3. Have a huge piece art that draws attention and might be outrageously priced. Maybe a banner or poster one month, then a painting a couple of months later. Keep the patrons guessing.. it’s the drawing card that gets their attention. What ever you use try to look at what your neighbor vendors have and use something so different than what they have that people will be attracted to your space first. You may not sell your show case focus art in this venue, but if people like it, they will buy your smaller art. The big one pays for itself through the sales of the little ones.

4. Make your booth an adventure in discovery. The longer you can keep people in your space the more likely they are to buy something. The more of an adventure they find there the more likely they are to return for the thing that impressed them the most. Before the economy started going bad.. I could sell to 1 in 10 people that saw my work for the first time. 1 in 50 were repeat buyers. 1 in 100 would buy consistently and over a period of about 18 months would spend $500 or more dollars. That is a larger than average rate for most retail. I found out later that one framing shop in town attributed about 5% of their overall business to framing my little paintings that people bought. Remember also that an adventure does not mean it’s cluttered and too busy. If people can’t see it they won’t buy it.

Remember that an Antiques or Crafter Mall is on the same level as A Regional Art Show. The difference is that you have people coming to see your work everyday rather than just for a festival or event of one or two days.

In pricing their are rules:
::A painting is only as valuable as the price people are willing to pay.
::You can lower your price, but you can’t raise it once you put it in a venue.

So before you get in too deep study to see what other people in the mall are pricing the same type of things you want to sell . So that means look around and see what other people are selling things for. For instance if you are seeing original watercolor that is 8" by 10", then look at the quality.

Don’t be tempted to under price your work simply because another dealer is putting low prices on theirs. Their reasoning might be that they can’t sell it after two years, so they mark it down. It might be reasonable to put a $85 price on a 8 by 10 watercolor study, and even more reasonable to put a $200 price on a watercolor that has a lot of detail in it. But it might not be reasonable to put a $1,000 on the same painting, unless say, the Prince of Wales painted it. It would be just as foolish to put only $20 on the same painting because that wouldn’t cover your expenses and over head, not to mention your time.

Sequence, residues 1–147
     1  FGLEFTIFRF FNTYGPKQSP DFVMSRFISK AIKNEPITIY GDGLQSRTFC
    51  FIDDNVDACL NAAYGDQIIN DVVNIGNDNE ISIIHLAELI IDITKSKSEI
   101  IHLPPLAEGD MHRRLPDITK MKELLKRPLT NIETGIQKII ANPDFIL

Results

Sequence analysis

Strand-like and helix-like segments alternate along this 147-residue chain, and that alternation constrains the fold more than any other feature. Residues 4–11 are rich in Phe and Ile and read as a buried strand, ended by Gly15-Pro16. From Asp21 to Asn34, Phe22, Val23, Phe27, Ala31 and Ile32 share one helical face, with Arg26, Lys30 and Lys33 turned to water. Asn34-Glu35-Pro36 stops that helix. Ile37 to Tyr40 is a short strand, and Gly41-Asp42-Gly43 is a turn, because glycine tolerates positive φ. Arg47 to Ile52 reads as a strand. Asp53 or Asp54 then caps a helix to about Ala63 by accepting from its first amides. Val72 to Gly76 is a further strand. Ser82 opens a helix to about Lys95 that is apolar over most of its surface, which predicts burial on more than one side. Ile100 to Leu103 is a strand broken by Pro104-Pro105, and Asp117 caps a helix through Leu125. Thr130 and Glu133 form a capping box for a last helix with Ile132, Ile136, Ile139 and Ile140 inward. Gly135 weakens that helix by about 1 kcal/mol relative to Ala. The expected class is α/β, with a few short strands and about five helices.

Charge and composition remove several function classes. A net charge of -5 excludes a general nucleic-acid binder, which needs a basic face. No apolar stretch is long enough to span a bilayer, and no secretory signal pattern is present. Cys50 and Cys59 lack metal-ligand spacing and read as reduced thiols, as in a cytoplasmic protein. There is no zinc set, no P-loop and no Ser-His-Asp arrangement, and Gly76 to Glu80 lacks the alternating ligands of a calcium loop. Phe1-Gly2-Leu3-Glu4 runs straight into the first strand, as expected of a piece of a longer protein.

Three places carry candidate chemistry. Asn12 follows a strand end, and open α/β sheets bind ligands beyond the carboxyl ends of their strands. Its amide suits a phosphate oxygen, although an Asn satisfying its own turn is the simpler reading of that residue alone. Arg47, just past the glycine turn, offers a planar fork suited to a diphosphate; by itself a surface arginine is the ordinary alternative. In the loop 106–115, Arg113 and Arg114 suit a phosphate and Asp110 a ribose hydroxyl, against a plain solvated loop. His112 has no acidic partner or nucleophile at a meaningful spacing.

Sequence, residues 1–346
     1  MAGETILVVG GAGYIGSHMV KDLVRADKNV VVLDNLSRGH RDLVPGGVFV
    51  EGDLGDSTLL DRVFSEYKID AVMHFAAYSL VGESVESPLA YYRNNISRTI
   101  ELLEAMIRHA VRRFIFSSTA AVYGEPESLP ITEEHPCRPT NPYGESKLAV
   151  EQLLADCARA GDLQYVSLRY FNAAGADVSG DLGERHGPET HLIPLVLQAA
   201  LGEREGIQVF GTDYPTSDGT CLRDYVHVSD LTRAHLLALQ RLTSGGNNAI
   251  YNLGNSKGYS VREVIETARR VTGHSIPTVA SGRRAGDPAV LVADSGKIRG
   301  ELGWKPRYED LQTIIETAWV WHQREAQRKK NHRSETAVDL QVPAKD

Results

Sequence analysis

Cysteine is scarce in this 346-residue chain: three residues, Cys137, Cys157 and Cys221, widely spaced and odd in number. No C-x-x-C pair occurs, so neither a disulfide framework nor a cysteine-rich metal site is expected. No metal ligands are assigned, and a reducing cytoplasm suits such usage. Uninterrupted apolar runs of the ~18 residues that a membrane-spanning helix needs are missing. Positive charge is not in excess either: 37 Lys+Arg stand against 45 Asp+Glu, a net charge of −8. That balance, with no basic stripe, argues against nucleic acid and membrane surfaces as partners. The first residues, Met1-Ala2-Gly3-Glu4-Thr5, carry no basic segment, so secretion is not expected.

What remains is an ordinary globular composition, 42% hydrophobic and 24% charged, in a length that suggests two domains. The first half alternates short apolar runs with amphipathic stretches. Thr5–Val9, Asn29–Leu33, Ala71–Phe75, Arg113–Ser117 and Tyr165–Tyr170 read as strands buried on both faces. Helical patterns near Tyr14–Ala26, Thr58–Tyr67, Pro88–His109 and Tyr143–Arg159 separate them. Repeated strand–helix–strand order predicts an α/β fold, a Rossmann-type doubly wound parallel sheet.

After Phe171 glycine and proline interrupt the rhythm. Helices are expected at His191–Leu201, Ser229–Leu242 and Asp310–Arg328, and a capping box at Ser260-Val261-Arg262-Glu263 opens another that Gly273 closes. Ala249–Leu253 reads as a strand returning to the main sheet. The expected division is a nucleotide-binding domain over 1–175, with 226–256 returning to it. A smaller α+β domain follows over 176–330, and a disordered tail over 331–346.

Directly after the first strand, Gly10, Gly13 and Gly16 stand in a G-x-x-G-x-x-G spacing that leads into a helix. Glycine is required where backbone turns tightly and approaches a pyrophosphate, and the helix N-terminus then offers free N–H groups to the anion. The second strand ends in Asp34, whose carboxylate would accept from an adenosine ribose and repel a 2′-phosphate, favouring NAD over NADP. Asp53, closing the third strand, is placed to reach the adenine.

In order to stay in business you need to make a profit. Any profit you make should go to investing back into the business until it stands on its own. Out of that profit you pay yourself, make improvements, buy new equipment, replace things.

Another thing to keep in mind is that an original painting should always be worth 5 to 10 times the price of a reproduction or print of that same or similar item. So when you are pricing things price them in relationship with both other items you are selling in your space and make them competitive with those around you.

Be sure you know the difference between a serious art seller and someone who hasn’t a clue. In this business you are going to be bringing people in from the outside so they need to see you are serious.

An amateur and high school students sells a 16” by 20” painting on canvas for under $50. An artist who knows the value of their work, someone just starting out, would sell the same painting for $400 to $600. An established artist with regional recognition would sell it for $800 to $3,000. A person with national recognition might sell the same painting for $5,000 and up, A person with world wide recognition would sell it for $10,000 and up. Remember though, the higher the price the fewer buyers there are that can afford to buy it.

It might be right to think at $10,000 you only have to sell 4 or 5 paintings a year but the thruth is you sill have to eat , pay the rent and buy art supplies while you are waiting to make the sale.

There are several layers of pricing I use:

Quick STUDY PRICING: these are simple paintings done quickly like loose watercolors usually in smaller sizes
My quick studies fall into this category. Its also the highest selling group.
You may want to start a little lower in price than mine are at first to build up your business.
I price watercolors like this: ( add 10% for acrylic and 20% for oils, for drawings I drop 1/5 of the price)
2.5" by 3.5" at $12.50 to $25.00 ( depending on the details)